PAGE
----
A Never Ending Roller Coaster Ride
In the age of artificial intelligence and carpooling designed to ease congestion on New York City streets, a policy that has been on the back burner for years is gaining momentum from environmental advocates, but not without opposition from other groups. The contention is ongoing with strong arguments from both sides of the arena, and so it continues. Let’s take a look at what exactly congestion pricing is and why so many people have such strong feelings for or against it.
In the Beginning
Congestion pricing was initially introduced by former Mayor Michael Bloomberg in 2012 as part of his “Move New York” initiative, but the plan was scrapped shortly after due to negative public opinion, but the plan wasn’t scrapped into oblivion. Keeping it alive are studies that have shown the immense benefits of congestion pricing. One such study suggests that traffic jams cost New Yorkers more than $20 billion every year. No doubt this is one reason why city hall wants to keep it going.
Congestion Pricing – The Specifics
Simply put, it is the control of traffic by placing tolls for those vehicles that enter a specific area of the city. The tolls would be using the cashless system where cameras are placed above the road and read the E-ZPass (or another tag) as the vehicles pass through them.
There are such systems already in place in all of New York City’s tunnels, the George Washington Bridge and the Verrazano Bridge. If a vehicle passes through and doesn’t have an E-ZPass available for the toll cameras to see, a ticket will be sent to the registrant of the vehicle.
How Does Congestion Pricing Work?
There are currently two proposed methods.
- Cordon charge, in which the price to enter Manhattan below 60th Street would be $11.52 during peak hours and $9.66 during off-peak hours. The charge would be paid by car owners with an E-ZPass tag or those who have registered their license plates with their home addresses.
- Adjacent toll, in which the price to enter Midtown Manhattan would be $5.54 during peak hours and $4.45 during off-peak hours. This would apply to both cars and trucks, with the exception of commercial vehicles making deliveries or pickups in the area.
The tolls can be applied to a specific area such as Times Square or Herald Square or applied via the use of specific transportation modes, such as an increase in tolls for passenger car owners. But for now, the current research is concentrating on vehicles heading downtown from 60th Street.
The Pros and the Cons
NYC mayor Adams is continuing to review how to control the large amount of traffic that accumulates in certain areas of the city each day. Hearings are being held to hear both what concerns people have over this proposed policy.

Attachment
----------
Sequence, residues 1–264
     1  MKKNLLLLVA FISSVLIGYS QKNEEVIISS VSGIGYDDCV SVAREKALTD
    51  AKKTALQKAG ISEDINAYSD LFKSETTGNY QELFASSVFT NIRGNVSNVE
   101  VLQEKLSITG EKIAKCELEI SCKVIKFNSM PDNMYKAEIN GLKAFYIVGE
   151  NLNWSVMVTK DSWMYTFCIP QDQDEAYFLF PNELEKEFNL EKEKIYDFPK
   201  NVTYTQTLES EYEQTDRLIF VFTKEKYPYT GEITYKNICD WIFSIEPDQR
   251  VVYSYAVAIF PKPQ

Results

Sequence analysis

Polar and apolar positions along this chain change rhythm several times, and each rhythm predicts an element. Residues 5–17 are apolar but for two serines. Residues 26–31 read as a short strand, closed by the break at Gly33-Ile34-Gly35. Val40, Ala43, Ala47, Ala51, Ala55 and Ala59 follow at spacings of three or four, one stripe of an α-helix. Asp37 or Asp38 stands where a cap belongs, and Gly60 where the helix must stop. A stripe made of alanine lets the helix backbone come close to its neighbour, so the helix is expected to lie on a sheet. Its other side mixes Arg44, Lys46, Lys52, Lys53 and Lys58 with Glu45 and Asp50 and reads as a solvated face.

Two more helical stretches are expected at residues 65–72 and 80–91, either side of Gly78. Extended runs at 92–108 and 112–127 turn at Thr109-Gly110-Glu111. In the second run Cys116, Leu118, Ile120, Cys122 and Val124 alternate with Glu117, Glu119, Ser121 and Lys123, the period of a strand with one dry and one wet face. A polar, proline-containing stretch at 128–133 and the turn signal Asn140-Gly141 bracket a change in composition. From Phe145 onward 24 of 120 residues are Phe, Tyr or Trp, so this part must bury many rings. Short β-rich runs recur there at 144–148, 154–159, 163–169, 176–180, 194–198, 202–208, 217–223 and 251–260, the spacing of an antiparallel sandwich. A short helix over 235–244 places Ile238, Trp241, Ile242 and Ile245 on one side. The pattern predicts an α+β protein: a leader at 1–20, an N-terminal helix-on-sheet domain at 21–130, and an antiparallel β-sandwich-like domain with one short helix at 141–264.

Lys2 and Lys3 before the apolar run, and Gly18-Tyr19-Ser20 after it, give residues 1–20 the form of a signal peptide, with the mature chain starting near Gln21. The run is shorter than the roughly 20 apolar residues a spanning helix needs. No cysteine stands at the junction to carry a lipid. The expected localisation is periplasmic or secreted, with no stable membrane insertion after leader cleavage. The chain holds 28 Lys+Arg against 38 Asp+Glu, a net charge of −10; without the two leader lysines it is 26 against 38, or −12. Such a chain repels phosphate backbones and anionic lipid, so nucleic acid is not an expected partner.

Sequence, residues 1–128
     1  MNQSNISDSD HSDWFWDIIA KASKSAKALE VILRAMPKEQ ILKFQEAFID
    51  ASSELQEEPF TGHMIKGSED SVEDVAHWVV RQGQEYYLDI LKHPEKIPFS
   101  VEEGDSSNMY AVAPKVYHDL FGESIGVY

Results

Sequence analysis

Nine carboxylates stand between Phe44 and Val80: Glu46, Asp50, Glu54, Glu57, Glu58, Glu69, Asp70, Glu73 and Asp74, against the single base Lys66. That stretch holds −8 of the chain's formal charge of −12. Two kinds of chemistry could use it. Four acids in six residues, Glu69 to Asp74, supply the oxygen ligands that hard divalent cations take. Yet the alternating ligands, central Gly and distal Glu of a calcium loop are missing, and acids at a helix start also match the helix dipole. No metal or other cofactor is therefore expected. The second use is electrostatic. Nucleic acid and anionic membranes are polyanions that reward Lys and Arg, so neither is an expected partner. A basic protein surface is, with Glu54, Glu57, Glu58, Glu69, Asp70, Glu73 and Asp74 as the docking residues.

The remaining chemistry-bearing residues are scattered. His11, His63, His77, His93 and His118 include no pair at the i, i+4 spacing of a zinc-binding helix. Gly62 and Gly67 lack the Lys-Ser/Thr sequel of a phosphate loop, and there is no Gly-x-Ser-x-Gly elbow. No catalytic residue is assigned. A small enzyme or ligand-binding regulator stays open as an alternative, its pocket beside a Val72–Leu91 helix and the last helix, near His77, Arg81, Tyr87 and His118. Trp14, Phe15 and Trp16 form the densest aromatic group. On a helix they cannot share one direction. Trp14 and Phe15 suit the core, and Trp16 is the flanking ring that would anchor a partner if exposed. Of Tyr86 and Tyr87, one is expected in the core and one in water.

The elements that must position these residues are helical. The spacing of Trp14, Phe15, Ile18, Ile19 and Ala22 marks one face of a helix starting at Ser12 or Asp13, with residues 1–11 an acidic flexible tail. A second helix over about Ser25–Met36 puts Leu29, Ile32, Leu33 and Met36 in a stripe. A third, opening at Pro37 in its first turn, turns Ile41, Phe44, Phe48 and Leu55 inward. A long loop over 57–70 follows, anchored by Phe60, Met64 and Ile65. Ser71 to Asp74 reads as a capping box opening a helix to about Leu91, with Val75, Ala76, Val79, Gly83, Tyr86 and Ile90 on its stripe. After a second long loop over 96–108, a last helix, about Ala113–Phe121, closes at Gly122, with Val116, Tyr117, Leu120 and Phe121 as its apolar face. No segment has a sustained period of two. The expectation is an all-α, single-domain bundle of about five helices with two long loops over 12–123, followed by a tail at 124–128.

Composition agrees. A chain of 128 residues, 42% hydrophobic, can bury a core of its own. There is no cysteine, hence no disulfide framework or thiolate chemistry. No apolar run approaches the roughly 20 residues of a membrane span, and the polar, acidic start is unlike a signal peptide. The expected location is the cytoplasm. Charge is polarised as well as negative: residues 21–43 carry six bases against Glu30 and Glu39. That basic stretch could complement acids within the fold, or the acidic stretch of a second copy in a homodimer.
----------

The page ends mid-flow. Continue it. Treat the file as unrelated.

Advocates say that current studies have shown that less traffic will lead to lower amounts of pollution, less CO2 emissions, and less noise; subsequently, helping traffic move more efficiently and reducing accidents in these areas.
The benefits would include:
- Better Air Quality – The 2019 New York State Metropolitan Air Quality Analysis predicts that a congestion pricing system in New York City would reduce emissions by 8% and lead to a 10% reduction in ozone-related health issues such as asthma, lung disease, and heart disease. Some of the groups promoting the congestion pricing program include the New York League of Conservation Voters, New York Public Interest Research Group, New York State Clean Air Council, American Lung Association of the Northeast, and Climate Central.
- More Efficient Traffic – According to the same study, the implementation of congestion pricing would result in a smoother, more efficient traffic flow through these areas.
- Fewer accidents – Less traffic results in less chance of accidents on these streets.
- More Revenue – The Metropolitan Transportation Authority currently depends on a combination of taxes and tolls to remain financially solvent. A congestion pricing system could generate $1.7 billion in revenue annually.
It is predicted that travel times would decrease by an average of 22%, traffic would be reduced by 35%, and there would be a 20% increase in public transportation ridership.
Placing tolls on NYC roads is not without contention. The major concerns are the following:
- Rideshare drivers – Those that would suffer most would be Uber and Lyft drivers, not to mention our standard yellow taxis who drive in and out of these zones many times per day.
- Residents – No doubt those that live in these neighborhoods would be paying every time they drive back into their resident toll areas.
- MTA alternative – Due to the increasing rate of crime in the subways, many residents and others who would prefer to drive do not like the idea of taking mass transit.
- The poor could be hurt the most – Many who oppose congestion pricing believe that it will disproportionately affect the poor over others who could afford to pay the tolls, especially if traveling these roads frequently.
The need for congestion pricing in NYC is still being contested. Studies suggest that implementing a new pricing system would lead to cleaner air, less traffic, and a more efficient city. Mayor Adams is facilitating this process so that congestion pricing does become a reality, but there are organizations that are against it, especially taxi and rideshare drivers, and they will fight to the end by lobbying and protesting the fees that would be placed on them. That being said, it’s important to know that any effective solution to the city’s traffic problems will require sacrifices from all parties involved. What are your thoughts?